SupplierPay will speed up the vendor payment process for small businesses and boost their access to capital. Here is what you need to know.Small businesses play an important role in the American economy – employing half of the American workforce and generating two out of every three new jobs. A Pepperdine and D&B study revealed that 66% of small businesses reported having trouble gaining access to new business financing. Delays in access to capital only make these matters worse, with small business invoices going unpaid for 55-60 days on average.
In July, the federal government unveiled a new partnership with the private sector designed to boost America’s small businesses. Called SupplierPay, this initiative will help increase small businesses’ access to working capital.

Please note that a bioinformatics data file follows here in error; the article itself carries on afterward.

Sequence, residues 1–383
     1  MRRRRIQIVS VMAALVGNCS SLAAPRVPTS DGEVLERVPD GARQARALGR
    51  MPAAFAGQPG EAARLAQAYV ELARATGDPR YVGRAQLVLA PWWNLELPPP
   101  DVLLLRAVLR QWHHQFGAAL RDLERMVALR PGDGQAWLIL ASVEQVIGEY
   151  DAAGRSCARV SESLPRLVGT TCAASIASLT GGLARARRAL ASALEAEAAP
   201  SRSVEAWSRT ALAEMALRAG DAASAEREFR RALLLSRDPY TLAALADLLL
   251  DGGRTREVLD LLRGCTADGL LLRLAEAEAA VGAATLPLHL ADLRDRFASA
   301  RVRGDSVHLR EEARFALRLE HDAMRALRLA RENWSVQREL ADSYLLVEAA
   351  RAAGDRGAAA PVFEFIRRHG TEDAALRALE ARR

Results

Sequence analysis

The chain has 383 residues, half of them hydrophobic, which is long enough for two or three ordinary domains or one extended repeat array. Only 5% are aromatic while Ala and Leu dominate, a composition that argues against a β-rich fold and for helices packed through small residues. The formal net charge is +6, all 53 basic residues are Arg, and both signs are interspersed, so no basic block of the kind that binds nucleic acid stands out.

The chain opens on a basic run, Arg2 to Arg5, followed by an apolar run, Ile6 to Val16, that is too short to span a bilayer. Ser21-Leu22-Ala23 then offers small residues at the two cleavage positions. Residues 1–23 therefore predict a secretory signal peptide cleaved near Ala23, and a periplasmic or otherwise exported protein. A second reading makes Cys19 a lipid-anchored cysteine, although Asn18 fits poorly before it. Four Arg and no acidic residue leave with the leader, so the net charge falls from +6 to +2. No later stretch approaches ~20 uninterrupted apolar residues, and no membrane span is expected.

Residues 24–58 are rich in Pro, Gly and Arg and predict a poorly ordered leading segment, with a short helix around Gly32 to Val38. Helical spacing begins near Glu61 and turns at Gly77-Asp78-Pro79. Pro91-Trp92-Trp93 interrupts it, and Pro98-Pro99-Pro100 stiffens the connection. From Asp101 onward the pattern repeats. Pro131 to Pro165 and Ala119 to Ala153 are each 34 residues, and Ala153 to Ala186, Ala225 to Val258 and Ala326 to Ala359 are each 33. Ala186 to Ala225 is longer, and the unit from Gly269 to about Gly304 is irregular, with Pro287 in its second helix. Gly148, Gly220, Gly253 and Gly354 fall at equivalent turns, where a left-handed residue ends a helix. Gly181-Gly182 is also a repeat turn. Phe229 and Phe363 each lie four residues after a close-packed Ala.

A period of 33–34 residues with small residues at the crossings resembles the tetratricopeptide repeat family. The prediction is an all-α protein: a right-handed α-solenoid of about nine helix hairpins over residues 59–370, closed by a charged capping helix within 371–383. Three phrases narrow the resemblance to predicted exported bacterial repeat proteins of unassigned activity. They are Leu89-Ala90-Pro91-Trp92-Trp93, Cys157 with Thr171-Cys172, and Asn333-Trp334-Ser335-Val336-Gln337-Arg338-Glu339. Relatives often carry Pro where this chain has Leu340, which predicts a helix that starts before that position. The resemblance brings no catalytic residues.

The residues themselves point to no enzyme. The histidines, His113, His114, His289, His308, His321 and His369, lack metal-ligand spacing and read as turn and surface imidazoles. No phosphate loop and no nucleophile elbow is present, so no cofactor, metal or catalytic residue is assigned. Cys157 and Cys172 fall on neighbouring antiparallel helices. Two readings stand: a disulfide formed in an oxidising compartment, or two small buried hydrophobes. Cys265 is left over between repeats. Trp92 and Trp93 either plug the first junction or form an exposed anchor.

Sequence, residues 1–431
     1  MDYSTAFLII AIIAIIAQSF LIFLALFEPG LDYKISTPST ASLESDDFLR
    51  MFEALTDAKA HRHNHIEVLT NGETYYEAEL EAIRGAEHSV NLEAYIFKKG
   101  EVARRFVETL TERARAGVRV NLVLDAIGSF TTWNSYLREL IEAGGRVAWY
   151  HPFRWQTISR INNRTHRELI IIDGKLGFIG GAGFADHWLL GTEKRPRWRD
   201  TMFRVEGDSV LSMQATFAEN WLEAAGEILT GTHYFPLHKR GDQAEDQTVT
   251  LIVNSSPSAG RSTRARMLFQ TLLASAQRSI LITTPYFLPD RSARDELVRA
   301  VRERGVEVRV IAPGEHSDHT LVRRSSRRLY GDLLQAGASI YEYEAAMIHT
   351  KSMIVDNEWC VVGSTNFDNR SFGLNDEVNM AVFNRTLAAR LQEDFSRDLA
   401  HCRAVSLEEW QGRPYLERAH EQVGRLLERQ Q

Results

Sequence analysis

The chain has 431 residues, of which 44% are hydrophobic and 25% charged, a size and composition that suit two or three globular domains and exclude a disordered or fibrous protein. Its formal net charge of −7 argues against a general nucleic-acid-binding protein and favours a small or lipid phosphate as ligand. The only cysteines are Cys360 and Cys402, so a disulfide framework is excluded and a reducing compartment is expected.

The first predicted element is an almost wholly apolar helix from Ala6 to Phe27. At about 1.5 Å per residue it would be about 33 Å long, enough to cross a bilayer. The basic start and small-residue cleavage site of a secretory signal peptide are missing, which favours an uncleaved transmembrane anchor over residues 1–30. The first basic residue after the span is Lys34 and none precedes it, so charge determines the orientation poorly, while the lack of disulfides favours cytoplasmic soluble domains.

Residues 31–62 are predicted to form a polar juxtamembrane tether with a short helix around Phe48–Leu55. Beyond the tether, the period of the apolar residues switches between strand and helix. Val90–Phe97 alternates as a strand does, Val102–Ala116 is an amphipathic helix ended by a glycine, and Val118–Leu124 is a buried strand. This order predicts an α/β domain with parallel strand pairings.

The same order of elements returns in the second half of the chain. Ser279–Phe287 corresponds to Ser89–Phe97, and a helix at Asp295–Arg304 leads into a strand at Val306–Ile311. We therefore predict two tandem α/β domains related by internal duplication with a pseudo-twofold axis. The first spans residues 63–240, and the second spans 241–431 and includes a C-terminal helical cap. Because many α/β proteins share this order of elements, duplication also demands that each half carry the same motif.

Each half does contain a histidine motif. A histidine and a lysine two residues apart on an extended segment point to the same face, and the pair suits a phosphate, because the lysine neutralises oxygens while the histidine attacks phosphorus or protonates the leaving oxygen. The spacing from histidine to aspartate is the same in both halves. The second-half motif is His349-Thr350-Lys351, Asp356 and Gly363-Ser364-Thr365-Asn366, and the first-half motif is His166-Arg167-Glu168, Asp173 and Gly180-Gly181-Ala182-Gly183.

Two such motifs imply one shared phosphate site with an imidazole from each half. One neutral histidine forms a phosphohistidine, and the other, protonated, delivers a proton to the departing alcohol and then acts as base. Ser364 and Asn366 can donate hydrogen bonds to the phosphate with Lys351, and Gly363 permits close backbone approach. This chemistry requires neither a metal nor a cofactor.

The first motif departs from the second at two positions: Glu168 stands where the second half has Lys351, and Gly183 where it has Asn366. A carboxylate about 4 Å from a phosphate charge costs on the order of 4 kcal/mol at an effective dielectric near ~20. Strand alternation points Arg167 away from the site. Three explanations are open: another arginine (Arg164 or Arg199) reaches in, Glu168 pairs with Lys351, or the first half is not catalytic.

QuickPay, the predecessor to SupplierPay, requires all federal agencies to pay back business contractors within 15 days. The United States Small Business Administration noted, “When businesses get paid faster, their financial footing gets stronger… Cutting in half the time it takes for them to receive payment is a powerful way to help businesses make the decision to go ahead and buy another piece of equipment or hire another worker.” To date, QuickPay has generated savings of over $1 billion for small suppliers. SupplierPay is designed to build on the success of this federal initiative.
Small businesses that supply large businesses can benefit from the SupplierPay initiative by having more capital to invest in new opportunities, new equipment, and new hiring. For large businesses, enrolling in SupplierPay is voluntary, but the program has already attracted many well-known brands that have recognized how important cash flow is to the small businesses that supply important products and services. In fact, 26 companies have already taken the SupplierPay pledge. A complete list of the large businesses taking part in SupplierPay is available.